Unions & politics

Industrial news in brief

Author: 

Gemma Short and Ollie Moore

On Tuesday 25 and Wednesday 26 April, National Union of Teachers’ (NUT) members at Forest Hill school in Lewisham struck for the fifth time in their on-going dispute against a management proposed restructuring to deal with a £1.3 million deficit. The management’s proposal sheds 15 teaching jobs, significantly increases teachers’ workload, radically reduces the depth of the creative aspects of the curriculum, ends any specialist English as an Additional Language (EAL) support, and massively diminishes the support for students with Special Educational Needs.

Forest Hill teachers strike; cinema workers to strike on May Day; Tube round-up; NUT: close vote on Labour; DOO strikes continue; UCLU cleaners strike.

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McCluskey only just re-elected

Author: 

Ann Field

Gerard Coyne — the candidate of the right, backed not just by the right-wing media but also by the most right-wing elements of the Labour Party — came within 5,500 votes of being elected the new General Secretary of Unite the Union.

McCluskey got 59,000 votes (45.5%); Coyne 53,500 (41.5%); and rank-and-file candidate Ian Allinson 17,000 (13%). McCluskey was re-elected, but in every other respect the election result was a major setback for McCluskey and the trade union politics which he represents.

The dominant left culture within Unite has an excessive focus on elections. There is nothing wrong with wanting to win elections. The problem arises when political life degenerates into electioneering at the expense of rebuilding grassroots organisation at branch and workplace level.

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Re-elect Len McCluskey!

Author: 

Ann Field

Ballot papers for Unite the Union’s General Secretary and national Executive Council elections have been sent out to the union’s 1.4 million members. Voting runs to 19 April, and the result will be out on 28 April.

West Midlands Unite full-timer Gerard Coyne is the right-wing challenger to Len McCluskey, the incumbent General Secretary seeking re-election for a third time. Ian Allinson is also standing as the candidate of rank-and-file democracy.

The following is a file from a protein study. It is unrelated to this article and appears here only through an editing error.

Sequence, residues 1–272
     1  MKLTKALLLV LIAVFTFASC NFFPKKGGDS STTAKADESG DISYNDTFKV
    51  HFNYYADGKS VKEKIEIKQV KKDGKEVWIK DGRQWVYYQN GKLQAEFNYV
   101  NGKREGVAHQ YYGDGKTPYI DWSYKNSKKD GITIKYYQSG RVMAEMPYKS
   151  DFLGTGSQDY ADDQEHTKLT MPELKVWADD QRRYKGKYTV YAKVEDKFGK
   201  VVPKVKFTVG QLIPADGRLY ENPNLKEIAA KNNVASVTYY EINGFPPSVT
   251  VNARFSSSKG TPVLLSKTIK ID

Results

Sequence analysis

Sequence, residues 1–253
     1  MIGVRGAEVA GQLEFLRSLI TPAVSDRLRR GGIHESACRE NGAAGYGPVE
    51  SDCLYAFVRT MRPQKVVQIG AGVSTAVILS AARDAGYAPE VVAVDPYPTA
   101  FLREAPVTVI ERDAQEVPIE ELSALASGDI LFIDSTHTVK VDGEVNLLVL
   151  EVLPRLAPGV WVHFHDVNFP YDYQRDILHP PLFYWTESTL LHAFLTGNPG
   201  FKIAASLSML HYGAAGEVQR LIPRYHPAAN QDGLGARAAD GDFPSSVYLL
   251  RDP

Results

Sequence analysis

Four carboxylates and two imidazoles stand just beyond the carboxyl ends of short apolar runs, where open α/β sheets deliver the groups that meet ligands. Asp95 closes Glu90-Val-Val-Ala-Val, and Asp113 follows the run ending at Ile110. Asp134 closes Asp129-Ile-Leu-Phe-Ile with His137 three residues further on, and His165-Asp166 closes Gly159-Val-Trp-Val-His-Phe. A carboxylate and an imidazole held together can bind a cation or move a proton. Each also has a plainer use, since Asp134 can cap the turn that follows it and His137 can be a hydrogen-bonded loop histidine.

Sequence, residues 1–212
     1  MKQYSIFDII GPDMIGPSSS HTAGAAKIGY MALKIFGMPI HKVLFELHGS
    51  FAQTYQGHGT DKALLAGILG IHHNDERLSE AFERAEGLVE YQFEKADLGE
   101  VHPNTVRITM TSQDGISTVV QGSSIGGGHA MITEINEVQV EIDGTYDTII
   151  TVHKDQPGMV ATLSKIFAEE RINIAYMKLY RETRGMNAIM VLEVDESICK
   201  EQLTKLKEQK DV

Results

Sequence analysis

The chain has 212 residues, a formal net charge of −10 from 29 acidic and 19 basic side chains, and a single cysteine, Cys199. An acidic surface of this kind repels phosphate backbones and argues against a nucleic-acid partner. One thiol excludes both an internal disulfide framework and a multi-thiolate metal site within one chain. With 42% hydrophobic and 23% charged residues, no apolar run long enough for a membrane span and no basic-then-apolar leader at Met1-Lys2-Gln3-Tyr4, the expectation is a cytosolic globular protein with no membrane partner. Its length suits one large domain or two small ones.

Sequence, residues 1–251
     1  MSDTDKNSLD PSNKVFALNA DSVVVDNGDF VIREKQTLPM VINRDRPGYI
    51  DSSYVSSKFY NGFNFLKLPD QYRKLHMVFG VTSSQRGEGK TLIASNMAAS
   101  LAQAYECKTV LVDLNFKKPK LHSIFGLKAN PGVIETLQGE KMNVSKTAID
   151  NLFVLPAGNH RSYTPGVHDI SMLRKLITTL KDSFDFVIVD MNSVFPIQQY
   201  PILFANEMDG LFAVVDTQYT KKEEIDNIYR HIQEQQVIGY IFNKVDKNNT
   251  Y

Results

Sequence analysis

Unite members should vote for Len McCluskey in the General Secretary election. But that is no more than the first stage of the campaign needed.

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The dangers of Stalinism in Labour

Author: 

Martin Thomas

24 September 2016 gave me a condensed snapshot of the problems which are now generating unease among Jeremy Corbyn’s supporters in the Labour Party.

The pressures and blockages on the left-wing Labour leadership cannot be defeated by panic-stricken manipulations, but only by helping the new left-wing members to organise, mobilise, debate, learn, and win democratic control.

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Ian Allinson — an inconsistent critic

Author: 

Dale Street

Ian Allinson is standing as “an experienced workplace activist”, “the grassroots socialist candidate”, and “the only candidate who knows first-hand the experiences and frustrations of our members”. By contrast, writes Allinson, Len McCluskey and Gerard Coyne have both been “been paid officials of Unite for many years.” McCluskey stands for “more of the same” and Coyne stands for “turning the clock back”.